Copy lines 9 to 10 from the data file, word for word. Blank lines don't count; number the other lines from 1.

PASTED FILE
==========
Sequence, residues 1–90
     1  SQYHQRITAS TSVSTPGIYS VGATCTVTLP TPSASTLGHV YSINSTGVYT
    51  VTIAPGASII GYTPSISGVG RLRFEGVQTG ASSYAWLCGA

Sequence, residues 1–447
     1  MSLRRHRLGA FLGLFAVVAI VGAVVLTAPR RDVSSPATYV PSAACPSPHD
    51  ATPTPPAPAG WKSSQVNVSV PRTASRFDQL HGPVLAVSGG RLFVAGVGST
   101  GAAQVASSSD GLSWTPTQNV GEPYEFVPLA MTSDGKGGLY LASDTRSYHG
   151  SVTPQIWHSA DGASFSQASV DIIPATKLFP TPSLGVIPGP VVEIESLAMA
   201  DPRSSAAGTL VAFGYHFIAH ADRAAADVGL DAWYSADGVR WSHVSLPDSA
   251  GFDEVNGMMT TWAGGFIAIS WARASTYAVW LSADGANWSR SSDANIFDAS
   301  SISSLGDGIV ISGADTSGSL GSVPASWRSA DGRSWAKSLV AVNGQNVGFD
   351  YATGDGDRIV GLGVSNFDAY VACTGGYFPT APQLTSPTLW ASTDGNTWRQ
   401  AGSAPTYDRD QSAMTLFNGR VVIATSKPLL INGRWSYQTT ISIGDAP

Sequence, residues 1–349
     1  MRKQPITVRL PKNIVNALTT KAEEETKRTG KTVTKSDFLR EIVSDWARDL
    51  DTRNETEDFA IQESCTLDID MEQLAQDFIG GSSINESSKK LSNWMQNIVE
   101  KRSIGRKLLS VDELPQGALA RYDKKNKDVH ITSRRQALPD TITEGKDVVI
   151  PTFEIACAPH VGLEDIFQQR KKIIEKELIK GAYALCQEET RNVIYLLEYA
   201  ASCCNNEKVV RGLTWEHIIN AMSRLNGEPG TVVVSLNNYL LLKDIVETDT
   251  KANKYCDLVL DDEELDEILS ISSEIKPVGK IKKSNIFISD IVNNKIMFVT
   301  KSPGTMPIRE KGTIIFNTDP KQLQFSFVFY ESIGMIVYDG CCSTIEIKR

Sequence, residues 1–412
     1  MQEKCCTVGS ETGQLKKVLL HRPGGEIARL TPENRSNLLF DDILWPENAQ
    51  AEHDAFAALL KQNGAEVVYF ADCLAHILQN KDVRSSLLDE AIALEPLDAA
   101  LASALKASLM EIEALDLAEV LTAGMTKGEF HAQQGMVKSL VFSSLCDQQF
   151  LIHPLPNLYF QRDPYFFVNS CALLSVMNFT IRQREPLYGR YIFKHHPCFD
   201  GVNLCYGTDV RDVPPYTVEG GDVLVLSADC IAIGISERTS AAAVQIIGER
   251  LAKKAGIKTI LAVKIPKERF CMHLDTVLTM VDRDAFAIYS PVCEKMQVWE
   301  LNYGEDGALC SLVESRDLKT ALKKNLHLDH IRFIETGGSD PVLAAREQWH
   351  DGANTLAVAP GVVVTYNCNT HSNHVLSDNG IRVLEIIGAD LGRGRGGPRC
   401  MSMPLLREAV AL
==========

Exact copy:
   201  DPRSSAAGTL VAFGYHFIAH ADRAAADVGL DAWYSADGVR WSHVSLPDSA
   251  GFDEVNGMMT TWAGGFIAIS WARASTYAVW LSADGANWSR SSDANIFDAS